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Open access clash with copyright; rising reader satisfaction; the wiki-correlates of geopolitical instability; brief news

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By Skomorokh and Tom Morris

Open-access activists clash with proprietary journal establishment

Aaron Swartz (userpage), open-access activist charged this week with the illegal downloading of JSTOR-hosted content.
Greg Maxwell, who uploaded the Philosophical Transactions of the Royal Society papers in response to the prosecution of Swartz.

Aaron Swartz (User:AaronSw), an open-access activist, open-source developer, and 2006 candidate for the Wikimedia Foundation Board, is being criminally prosecuted for a variety of charges after he attempted to download a dump of all the PDFs on JSTOR, an academic paper repository containing archives from more than a thousand journals, mostly in the humanities. Swartz placed a laptop running a script, written specifically for downloading, inside a computer cabinet at MIT. After being caught attempting to take the computer out of the building at MIT, he was arrested and then charged in US Federal Court, although JSTOR have said they intend not to pursue civil litigation and have asked the US Attorney's Office to not pursue criminal charges against Swartz. He has pleaded not guilty and has been bailed on a $100,000 unsecured bond.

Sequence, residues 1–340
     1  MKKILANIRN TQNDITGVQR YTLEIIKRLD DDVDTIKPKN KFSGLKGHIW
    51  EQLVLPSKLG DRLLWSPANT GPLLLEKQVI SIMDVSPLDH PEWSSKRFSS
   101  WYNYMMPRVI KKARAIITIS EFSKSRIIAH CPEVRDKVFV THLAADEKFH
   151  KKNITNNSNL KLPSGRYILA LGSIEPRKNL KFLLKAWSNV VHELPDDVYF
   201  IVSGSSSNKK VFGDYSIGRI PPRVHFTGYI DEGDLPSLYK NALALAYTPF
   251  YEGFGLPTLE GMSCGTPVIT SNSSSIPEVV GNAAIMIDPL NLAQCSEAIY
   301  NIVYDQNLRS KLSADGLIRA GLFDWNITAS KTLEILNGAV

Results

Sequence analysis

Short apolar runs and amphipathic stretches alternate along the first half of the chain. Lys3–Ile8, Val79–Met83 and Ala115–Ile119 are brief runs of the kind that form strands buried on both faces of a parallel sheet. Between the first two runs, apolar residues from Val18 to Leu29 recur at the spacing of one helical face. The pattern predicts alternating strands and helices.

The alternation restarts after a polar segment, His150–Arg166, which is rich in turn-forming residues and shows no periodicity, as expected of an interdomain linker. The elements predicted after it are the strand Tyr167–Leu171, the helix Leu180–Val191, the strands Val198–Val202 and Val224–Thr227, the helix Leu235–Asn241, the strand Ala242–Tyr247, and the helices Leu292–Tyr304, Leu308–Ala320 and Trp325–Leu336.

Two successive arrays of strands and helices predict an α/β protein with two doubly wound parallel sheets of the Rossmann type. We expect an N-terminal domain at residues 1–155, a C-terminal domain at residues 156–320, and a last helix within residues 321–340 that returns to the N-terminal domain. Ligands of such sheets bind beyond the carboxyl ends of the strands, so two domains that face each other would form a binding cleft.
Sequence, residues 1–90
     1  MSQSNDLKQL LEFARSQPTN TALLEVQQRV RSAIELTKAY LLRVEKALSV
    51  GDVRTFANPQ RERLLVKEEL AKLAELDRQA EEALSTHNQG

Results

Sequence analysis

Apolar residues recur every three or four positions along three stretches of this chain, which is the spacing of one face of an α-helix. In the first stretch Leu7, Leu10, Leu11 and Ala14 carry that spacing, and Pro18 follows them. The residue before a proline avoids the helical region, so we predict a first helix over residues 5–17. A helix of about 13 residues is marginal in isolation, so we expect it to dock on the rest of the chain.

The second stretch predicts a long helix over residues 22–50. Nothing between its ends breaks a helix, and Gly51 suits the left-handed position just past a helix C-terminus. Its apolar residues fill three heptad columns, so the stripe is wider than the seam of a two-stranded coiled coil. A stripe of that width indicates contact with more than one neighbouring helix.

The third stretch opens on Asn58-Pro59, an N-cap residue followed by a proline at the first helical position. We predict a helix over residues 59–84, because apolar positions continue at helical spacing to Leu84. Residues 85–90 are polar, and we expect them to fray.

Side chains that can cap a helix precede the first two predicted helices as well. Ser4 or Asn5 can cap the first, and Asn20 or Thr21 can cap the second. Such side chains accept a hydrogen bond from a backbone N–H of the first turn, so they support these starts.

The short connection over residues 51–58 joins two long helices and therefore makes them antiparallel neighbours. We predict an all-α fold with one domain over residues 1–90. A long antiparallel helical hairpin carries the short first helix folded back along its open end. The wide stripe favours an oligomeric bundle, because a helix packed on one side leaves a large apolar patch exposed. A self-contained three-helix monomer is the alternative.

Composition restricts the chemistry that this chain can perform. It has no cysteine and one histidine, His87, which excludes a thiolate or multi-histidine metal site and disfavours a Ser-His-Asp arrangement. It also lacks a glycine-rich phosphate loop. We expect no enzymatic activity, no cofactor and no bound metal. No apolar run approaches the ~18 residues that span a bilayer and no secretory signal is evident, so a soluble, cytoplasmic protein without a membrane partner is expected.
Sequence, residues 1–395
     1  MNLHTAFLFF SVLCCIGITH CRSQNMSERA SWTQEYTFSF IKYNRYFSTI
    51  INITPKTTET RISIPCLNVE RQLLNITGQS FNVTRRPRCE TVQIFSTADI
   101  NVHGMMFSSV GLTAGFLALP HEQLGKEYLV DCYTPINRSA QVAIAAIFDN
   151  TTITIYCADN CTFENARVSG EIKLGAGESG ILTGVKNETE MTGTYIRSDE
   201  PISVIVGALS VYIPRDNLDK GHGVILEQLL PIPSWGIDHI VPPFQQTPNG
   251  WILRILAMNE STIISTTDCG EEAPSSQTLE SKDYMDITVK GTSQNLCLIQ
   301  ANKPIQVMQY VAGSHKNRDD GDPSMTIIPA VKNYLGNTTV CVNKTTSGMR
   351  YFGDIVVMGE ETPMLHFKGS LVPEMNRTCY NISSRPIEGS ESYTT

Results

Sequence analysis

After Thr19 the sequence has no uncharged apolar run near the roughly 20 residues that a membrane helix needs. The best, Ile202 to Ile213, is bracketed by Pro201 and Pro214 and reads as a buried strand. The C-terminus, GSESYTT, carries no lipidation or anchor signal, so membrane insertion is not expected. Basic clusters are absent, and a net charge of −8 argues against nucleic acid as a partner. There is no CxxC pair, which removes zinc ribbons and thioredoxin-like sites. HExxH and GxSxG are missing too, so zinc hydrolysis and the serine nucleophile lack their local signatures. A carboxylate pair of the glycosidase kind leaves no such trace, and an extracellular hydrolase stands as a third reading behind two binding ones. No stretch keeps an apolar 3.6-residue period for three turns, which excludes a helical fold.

Swartz's indictment was widely reported in the international news media and the technology press, including the The New York Times, Washington Post, The Guardian, PC World, and Wired News Threatlevel. Software engineer Kevin Webb gave a sympathetic take in a post on Reuters' MediaFile, describing how many academics frequently bend copyright law with regard to scholarly publishing, and suggesting that Swartz may have been intending to do data analysis on the JSTOR collection rather than distributing the files on the Internet—a theory supported by Swartz's past work trying to determine "Who Writes Wikipedia?"